lists  /  announce  owl-users  owl-dev  john-users  john-dev  passwdqc-users  yescrypt  popa3d-users  /  oss-security  kernel-hardening  musl  sabotage  tlsify  passwords  /  crypt-dev  xvendor  /  Bugtraq  Full-Disclosure  linux-kernel  linux-netdev  linux-ext4  linux-hardening  PHC 
Open Source and information security mailing list archives
Hash Suite for Android: free password hash cracker in your pocket
[<prev] [next>] [<thread-prev] [day] [month] [year] [list]
Date:   Mon, 19 Oct 2020 12:36:59 +0300 (MSK)
From:   Roman Anufriev <>
To:     Jan Kara <>
Subject: Re: [PATCH 2/2] ext4: export quota journalling mode via sysfs attr

On Mon, 19 Oct 2020, Jan Kara wrote:

> On Sat 17-10-20 21:26:37, Roman Anufriev wrote:
>> Hi, sorry for the delay.
>> On Thu, 15 Oct 2020, Jan Kara wrote:
>>> On Thu 15-10-20 14:32:52, Roman Anufriev wrote:
>>>> Right now, it is hard to understand what quota journalling type is enabled:
>>>> you need to be quite familiar with kernel code and trace it or really
>>>> understand what different combinations of fs flags/mount options lead to.
>>>> This patch exports via sysfs attr /sys/fs/ext4/<disk>/quota_mode current
>>>> quota jounalling mode, making it easier to check at a glance/in autotests.
>>>> The semantics is similar to ext4 data journalling modes:
>>>> * journalled - quota accounting and journaling are enabled
>>>> * writeback  - quota accounting is enabled, but journalling is disabled
>>>> * none       - quota accounting is disabled
>>>> * disabled   - kernel compiled without CONFIG_QUOTA feature
>>>> Signed-off-by: Roman Anufriev <>
>>>> Reviewed-by: Dmitry Monakhov <>
>>> Hum, I'm not sure about this. The state of quota can be found out with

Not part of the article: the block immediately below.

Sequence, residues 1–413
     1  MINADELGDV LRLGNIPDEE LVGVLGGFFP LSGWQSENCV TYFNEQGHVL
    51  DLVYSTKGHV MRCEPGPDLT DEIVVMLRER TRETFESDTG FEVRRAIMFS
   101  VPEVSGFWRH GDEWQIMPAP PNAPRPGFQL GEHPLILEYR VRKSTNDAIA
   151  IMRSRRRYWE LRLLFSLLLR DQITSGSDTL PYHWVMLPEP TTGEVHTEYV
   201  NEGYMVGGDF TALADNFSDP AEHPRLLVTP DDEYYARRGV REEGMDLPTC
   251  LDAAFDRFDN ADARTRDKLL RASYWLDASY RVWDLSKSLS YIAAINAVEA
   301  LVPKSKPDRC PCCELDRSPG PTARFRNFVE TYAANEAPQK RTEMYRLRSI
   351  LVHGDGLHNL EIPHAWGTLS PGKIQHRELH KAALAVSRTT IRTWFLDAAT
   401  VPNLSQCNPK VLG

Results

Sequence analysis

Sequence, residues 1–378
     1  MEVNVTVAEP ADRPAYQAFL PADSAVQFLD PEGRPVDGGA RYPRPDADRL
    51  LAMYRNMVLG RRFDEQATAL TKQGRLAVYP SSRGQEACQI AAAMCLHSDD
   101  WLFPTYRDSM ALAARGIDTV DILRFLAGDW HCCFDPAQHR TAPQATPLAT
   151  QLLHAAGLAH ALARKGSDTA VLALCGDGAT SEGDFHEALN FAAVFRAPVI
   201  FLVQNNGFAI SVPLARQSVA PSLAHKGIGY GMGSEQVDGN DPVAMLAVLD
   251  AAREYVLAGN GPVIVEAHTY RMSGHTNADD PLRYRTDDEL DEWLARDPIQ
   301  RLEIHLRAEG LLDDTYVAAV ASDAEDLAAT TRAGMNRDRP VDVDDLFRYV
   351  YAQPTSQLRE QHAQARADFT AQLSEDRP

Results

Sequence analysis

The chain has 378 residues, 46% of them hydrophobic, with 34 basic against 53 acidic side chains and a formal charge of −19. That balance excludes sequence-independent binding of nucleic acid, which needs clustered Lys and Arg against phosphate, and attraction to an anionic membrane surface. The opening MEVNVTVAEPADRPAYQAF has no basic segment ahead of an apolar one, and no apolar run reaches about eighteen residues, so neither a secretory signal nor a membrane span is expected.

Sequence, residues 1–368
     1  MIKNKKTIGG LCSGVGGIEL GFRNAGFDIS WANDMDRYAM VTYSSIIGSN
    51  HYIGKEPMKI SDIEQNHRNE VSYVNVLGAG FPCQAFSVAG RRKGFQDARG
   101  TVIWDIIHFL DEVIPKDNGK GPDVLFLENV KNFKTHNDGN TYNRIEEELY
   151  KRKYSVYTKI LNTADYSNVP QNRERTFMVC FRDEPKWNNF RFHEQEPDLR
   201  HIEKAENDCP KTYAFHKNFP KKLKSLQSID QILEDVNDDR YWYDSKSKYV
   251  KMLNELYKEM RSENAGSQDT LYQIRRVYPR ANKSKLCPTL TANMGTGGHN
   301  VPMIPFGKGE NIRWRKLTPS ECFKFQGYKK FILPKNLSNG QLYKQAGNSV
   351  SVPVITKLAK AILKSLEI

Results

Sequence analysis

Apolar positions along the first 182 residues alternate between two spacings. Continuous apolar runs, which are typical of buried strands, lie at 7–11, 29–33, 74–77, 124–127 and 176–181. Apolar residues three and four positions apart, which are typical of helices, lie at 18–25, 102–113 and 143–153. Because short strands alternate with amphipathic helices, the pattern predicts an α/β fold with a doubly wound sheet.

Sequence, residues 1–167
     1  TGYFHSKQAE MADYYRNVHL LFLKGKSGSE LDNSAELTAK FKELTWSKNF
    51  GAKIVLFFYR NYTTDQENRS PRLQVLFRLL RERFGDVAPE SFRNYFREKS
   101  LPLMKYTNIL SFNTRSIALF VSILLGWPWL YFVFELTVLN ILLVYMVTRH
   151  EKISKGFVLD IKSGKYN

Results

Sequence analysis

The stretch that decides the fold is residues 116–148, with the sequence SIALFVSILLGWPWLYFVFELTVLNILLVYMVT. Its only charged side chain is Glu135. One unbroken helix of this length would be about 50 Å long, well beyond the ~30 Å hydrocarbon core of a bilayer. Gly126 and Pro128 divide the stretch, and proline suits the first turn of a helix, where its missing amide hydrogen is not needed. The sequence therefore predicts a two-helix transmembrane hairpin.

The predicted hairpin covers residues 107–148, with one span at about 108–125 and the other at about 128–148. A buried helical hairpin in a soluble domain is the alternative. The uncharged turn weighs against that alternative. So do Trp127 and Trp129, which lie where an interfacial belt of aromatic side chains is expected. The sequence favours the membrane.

>>> "quotaon -p <mntpoint>" (or corresponding quotactl if you need this from
>>> C). The only thing you won't learn is journalled / writeback mode and
>>> generally you should not care about this although I agree that for fs
>>> crash testing purposes you may care. But is that big enough usecase for a
>>> new sysfs file when all the information is already available for userspace
>>> just not in a convenient form?
>> Rationale behind this patch was mainly the addition of an easy way to check
>> whether quota journalled or not as this is quite wanted feature in out
>> production environment. TBH, I was not sure about sysfs file too, but it
>> seemed to me like the most natural place to put it. Maybe if sysfs is an
>> overkill - just add printing to dmesg on mount? At least, you'll be able to
>> check what quota type you can enable right after mounting.
>>> BTW, I've now realized ext4_any_quota_enabled() has actually misleading
>>> name in the sysfs file reports wrong information. It is rather
>>> ext4_any_quota_may_be_enabled() since presence of QUOTA mount option only
>>> says that quotaon(8) will enable quotas if it is run, not that quota
>>> accounting is enabled. sb_any_quota_loaded() tells you if accounting is
>>> actually enabled or not (however this can change anytime so that's why we
>>> use more relaxed checks for the purpose of journal credit estimates).
>> My bad! Totally forgot about the case when 'quota' mount option is present
>> but quota accounting is not enabled, as our helper-tool around 'quotactl()'
>> do remounting+enabling in one go.
>> I'll rename the function to smth like 'ext4_quota_capable()' in v2. And if
>> printing to dmesg is OK, I'll probably still use this function to print on
>> mount what the quota type will be after accounting is enabled.
> Yeah, if a message in dmesg is fine for your purposes, I'd rather go with
> that than with a sysfs file.

I think it'll be enough. I've implemented this in v3 (skip the v2, please 
- made a syntax mistake there):


Powered by blists - more mailing lists